FRISCO — Colorado’s exceptionally deep snowpack turned deadly this week, as a backcountry traveler near Kebler Pass was killed in a large avalanche. Search and rescue crews also found another victim in the backcountry between Keystone and Breckenridge after a two-day search.
According to the Colorado Avalanche Information Center, the Feb. 10 Kebler Pass slide involved two snowmobilers caught in a “very large avalanche” on a south- to southeast-facing slope below treeline. The slide broke between two to five-feet deep, about 600 feet wide and ran about 750 vertical feet. Debris at the bottom of the slide piled up to 20 feet deep.
FRISCO —It certainly feels like the heart of winter right now in Summit County, as well it should. Mid-January is the time for snow and ice, and this year Mother Nature has delivered on time. Today’s Sunday set is a little photographic homage to the white stuff, an important part of life in the Colorado high country in so many ways. Visit our online gallery at Fine Art America for a full selection of Colorado landscape images, available as fine art prints or greeting cards. Continue reading “Morning photo: Sunday set”→
2013 brought record levels of dust to Colorado’s mountains
By Bob Berwyn
FRISCO — Dust storms that darken the Rocky Mountain snowpack and speed snowmelt are becoming more extreme, according to new research. Particularly heavy dust-on-snow events can speed the melt-out of the snowpack by a full six weeks, all other factors being equal, said Jeffrey Deems, a researcher with the Western Water Assessment and the National Snow and Ice Data Center.
“In 2006 we were impressed at how much dust there was. Then 2009 turned up, and 2010, and 2013 was the dustiest year we’ve recorded in the San Juans,” Deems said, explaining that the latest study, put together by researchers with NOAA’sCooperative Institute for Research in Environmental Sciences was aimed at updating previous work with data from those heavy dust years.
FRISCO — With another ski season starting today at Arapahoe Basin, it’s time to dust off a few pictures from the Summit Voice archives to celebrate the best sport ever invented. As far as I’m concerned, skiing is the closest you’ll ever come to flying with your feet on the ground (or not), and floating through a blanket of fresh powder is pure bliss. Dream on, do your snow dances and get ready — winter is coming! Continue reading “Morning photo: Celebrate skiing!”→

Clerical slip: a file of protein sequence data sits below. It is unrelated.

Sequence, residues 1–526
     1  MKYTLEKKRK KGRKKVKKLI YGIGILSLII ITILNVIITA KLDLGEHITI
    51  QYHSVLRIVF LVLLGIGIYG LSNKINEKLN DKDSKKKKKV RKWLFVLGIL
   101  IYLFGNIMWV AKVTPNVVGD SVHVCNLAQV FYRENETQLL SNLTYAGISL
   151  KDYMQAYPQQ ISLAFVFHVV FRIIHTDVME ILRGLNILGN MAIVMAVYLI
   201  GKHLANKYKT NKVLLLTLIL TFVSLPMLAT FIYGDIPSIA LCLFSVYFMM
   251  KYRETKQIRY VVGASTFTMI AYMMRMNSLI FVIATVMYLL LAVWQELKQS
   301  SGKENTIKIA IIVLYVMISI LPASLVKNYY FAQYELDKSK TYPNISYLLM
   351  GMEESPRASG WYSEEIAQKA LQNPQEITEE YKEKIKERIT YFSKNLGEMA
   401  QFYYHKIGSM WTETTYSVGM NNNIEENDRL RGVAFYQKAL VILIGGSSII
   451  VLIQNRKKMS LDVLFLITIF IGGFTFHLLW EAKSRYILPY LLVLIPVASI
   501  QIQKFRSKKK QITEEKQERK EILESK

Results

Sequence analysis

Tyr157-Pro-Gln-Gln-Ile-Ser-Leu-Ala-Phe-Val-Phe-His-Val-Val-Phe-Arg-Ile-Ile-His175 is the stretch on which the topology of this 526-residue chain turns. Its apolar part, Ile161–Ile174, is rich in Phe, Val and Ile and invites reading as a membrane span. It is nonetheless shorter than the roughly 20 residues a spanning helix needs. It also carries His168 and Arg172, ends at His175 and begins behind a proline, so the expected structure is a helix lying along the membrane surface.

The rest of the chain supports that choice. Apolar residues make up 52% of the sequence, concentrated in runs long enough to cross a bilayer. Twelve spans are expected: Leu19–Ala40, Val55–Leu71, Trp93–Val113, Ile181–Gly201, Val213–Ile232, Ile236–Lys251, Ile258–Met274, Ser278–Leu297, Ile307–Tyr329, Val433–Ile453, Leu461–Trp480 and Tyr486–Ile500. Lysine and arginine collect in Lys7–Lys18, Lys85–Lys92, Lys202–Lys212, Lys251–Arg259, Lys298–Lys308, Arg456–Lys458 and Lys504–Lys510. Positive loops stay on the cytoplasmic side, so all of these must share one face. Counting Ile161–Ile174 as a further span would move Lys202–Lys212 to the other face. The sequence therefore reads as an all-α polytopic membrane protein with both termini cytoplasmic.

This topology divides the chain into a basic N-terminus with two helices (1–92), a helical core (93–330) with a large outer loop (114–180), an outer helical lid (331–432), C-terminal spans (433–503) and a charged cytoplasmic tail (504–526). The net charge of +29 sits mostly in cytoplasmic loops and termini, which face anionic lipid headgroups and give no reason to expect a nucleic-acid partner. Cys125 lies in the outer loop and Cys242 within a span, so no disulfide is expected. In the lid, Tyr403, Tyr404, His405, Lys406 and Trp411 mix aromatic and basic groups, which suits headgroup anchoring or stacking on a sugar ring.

Arapahoe Basin will officially open for the 2013-2014 season this Sunday, Oct. 13 with skiing off the Black Mountain Express chair, serving the High Noon trail. The first chair will start up the mountain at 8:30 a.m.
The opening comes four days earlier than last year, after a series of winter-like storms rolled through the Colorado mountains in late September and early October.
“This is a very exciting time for us, and all of Colorado,” Arapahoe Basin Vice President and COO Alan Henceroth said in a statement. “We’ve had tremendous early season snowmaking and natural snow, and we can’t wait to kick off the 2013-14 ski and ride season.”
The ski area will offer rental services, and will open restaurant facilities at the base area A-frame and at Black Mountain Lodge. While wrapping up a $1 million renovation of the 6th Alley Bar & Grill, a temporary bar will be set up in the A-frame.
Tickets can be purchased in advance at ArapahoeBasin.com and urrent lift ticket window pricing will run through December 20, 2013, with adult (ages 19-59) full-day tickets priced at $67, youth (ages 15-18) window tickets priced at $55 and child (ages 6-14) window tickets priced at $32. Children under age 5 ski free every day all season.
FRISCO — Getting one last look before the incoming winter season knocks the last of the colors off the branches, and trying to look for these spectacular autumn leaves in a new way … Continue reading “Morning photo: Leaves”→
Study shows pollution melted glaciers even as temperatures cooled
By Summit Voice
FRISCO — Matching climate records with ice core samples, scientists say the rapid retreat of Alpine Glaciers in Europe at the end of the Little Ice Age was probably linked with the sudden accumulation of soot particles associated with the beginning of the industrial Age.
The new study helps resolve what had been a puzzle, as the sudden glacier decline coincided with a period of cooling regional temperatures. Between 1860 and 1930, temperatures in Europe cooled by nearly two degrees, yet at the same time, any large valley glaciers retreated by an average of about 0.6 miles (1kilometer).